Friday Fatigue: Own Your Resting Style

Play until it's time to rest, then rest until it's time to play.  - Martha Beck

A change is as good as a rest. - British proverb

We love both change and rest, so we thought we'd share a few of our favorite ways to rest, and validate that resting might not look the same for you as it does for someone else (and that's ok).

Barbara: My picture of rest has definitely evolved over the years. It used to be something that I did because I had to - I would go, go, go until I couldn't go any longer, and then collapse in a heap to rest for as little time as possible. I had this idea that resting was a necessary evil, something that took me away from what I needed/wanted to be doing. Rest meant sleep, and being asleep meant I wasn't awake, and if I wasn't awake I wasn't getting things done. (What the heck did I think I was doing that was so important, anyway? Sheesh! Also: any other over-achiever perfectionists in the house? Hi!) 

Don't get me wrong, I've always known how to relax, unwind, take a walk, day dream, chill out with a good book and a cup of tea - I just didn't see those things as "rest." As a result, I rarely felt well-rested. I felt run-down, tired, resentful. Even when I got older and I started getting more sleep and being more intentional in carving out time to rest, feeling well-rested was the exception and not the rule. 

That's shifted for me. I've let go of the picture of rest as something to be achieved, and embraced it as part of playing and creating. Once I began to see rest as a productive time for my mind and spirit, and not just as down-time for my body, everything changed. Now I rest at least as much as I play, maybe more.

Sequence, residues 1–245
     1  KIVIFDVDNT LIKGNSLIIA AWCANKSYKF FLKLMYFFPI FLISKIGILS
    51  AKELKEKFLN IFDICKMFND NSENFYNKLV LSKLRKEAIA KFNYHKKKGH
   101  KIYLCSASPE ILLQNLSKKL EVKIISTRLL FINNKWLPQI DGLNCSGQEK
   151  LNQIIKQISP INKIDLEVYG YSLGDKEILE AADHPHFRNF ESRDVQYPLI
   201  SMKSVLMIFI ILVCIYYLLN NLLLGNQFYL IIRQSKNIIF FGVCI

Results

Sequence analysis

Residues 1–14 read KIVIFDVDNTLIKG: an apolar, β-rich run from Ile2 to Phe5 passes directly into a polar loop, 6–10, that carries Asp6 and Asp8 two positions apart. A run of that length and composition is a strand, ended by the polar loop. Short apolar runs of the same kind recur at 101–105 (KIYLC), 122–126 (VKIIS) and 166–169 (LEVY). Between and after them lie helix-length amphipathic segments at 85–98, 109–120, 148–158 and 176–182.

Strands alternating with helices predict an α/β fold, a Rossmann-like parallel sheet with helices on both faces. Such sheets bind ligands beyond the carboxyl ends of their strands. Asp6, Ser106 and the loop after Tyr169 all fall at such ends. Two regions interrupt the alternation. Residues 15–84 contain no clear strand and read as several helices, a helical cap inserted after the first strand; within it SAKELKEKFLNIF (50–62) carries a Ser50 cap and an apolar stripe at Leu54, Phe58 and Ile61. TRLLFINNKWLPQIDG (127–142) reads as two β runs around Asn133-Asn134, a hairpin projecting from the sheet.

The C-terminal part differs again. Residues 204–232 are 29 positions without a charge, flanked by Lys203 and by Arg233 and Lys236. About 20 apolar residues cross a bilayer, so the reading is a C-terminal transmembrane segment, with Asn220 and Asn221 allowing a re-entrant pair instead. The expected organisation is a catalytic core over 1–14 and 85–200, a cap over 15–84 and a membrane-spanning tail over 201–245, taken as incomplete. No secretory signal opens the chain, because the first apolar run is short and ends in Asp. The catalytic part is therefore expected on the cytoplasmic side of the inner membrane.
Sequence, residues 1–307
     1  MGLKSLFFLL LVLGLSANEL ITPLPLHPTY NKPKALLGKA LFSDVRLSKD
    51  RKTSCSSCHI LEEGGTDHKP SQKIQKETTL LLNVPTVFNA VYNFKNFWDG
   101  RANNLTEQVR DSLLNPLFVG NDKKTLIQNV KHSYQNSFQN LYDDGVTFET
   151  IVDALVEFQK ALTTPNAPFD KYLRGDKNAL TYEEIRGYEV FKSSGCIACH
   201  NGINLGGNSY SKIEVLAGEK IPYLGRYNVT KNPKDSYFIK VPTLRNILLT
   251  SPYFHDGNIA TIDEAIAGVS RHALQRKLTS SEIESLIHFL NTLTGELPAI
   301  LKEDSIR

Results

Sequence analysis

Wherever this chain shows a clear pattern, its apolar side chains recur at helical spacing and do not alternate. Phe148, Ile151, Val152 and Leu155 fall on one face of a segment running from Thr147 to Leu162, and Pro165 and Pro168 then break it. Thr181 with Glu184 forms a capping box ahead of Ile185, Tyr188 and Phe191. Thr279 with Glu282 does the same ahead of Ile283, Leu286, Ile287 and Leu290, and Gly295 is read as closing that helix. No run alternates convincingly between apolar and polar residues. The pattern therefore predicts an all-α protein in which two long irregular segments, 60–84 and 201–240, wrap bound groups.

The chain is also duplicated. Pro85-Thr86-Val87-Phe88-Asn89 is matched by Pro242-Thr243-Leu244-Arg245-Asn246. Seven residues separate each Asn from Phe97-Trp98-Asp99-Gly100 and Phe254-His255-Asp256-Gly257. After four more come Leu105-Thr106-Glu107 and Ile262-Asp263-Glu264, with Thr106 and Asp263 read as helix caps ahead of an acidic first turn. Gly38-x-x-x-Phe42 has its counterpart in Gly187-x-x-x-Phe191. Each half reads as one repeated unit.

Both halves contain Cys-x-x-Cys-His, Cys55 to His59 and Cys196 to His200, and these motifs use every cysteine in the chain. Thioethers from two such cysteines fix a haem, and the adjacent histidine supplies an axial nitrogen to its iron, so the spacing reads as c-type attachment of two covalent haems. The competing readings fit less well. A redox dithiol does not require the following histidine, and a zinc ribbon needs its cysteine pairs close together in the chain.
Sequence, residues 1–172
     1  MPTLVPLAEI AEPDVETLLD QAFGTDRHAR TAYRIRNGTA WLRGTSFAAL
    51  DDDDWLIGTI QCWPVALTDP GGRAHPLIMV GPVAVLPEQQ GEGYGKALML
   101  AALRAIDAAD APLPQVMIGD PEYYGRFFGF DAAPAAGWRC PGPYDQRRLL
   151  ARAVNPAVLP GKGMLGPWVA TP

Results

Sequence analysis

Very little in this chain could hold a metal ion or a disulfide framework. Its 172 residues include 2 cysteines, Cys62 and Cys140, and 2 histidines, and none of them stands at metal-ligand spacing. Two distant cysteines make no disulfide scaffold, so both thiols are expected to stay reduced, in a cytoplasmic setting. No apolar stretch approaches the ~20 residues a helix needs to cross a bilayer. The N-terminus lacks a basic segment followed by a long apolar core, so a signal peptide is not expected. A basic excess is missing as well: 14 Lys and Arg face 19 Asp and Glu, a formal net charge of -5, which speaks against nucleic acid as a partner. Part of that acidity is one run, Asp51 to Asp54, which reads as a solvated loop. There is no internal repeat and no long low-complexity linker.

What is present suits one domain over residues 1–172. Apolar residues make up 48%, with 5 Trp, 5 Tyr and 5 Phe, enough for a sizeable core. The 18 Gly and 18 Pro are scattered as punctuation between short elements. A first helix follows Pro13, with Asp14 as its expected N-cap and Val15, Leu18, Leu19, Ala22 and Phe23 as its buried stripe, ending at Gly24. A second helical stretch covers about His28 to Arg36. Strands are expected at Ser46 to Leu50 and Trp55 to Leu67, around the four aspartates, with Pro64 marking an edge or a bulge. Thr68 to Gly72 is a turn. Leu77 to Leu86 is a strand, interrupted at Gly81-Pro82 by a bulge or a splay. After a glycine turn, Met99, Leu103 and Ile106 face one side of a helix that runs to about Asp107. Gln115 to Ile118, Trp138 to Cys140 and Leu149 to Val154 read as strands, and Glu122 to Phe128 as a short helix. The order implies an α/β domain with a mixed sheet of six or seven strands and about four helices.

My resting style these days encompasses a lot more than it used to - certainly sleeping, and also meditating and creating and connecting with people and doing the Sunday NY Times crossword, even exercising and walking the dog can be restful. Resting is an essential activity for me, it's not the absence of activity. See the difference? The result is that now I feel well-rested, and subsequently healthier and kinder, more of the time.

Elizabeth:  Active meditation and conscious connection to spirit have shifted my experience of rest. I have always been one that loves sleep and respected my sleep/rest space (I was taught at an early age to sleep/rest whenever you can). Since making meditation part of my daily activities, I have notice one, my quality of sleep has improved, and two, when I feel a bit sluggish and in need of a rest or reset I can call on my techniques to offer a boost.

I don't want to paint a picture of perfection here. I am still guilty of doing too much and of "burning the candle on both ends" at times. However, my ability to recognize and see that situation occurring has gotten faster and better, allowing me to avoid the full on over-done, lack of sleep induced, dire need for rest. Instead, I have consciously built in the breaks, choreographed the pauses, composed a piece that includes both notes and rests. 

The rests look like a deep breath, two minutes in meditation, a grounding cord before starting the next project, a 10 minute run around the backyard or a walk down the street, a dance party in the kitchen, or a laugh with family and friends. Sometimes the rest is about sleep, other times it is about hitting the reset button. Life is full of opportunities to work, to play, and to rest, each playing a key component to allow for the next. 

Which piece are you playing right now? And have you created space for the others parts?

Barbara HolbrookComment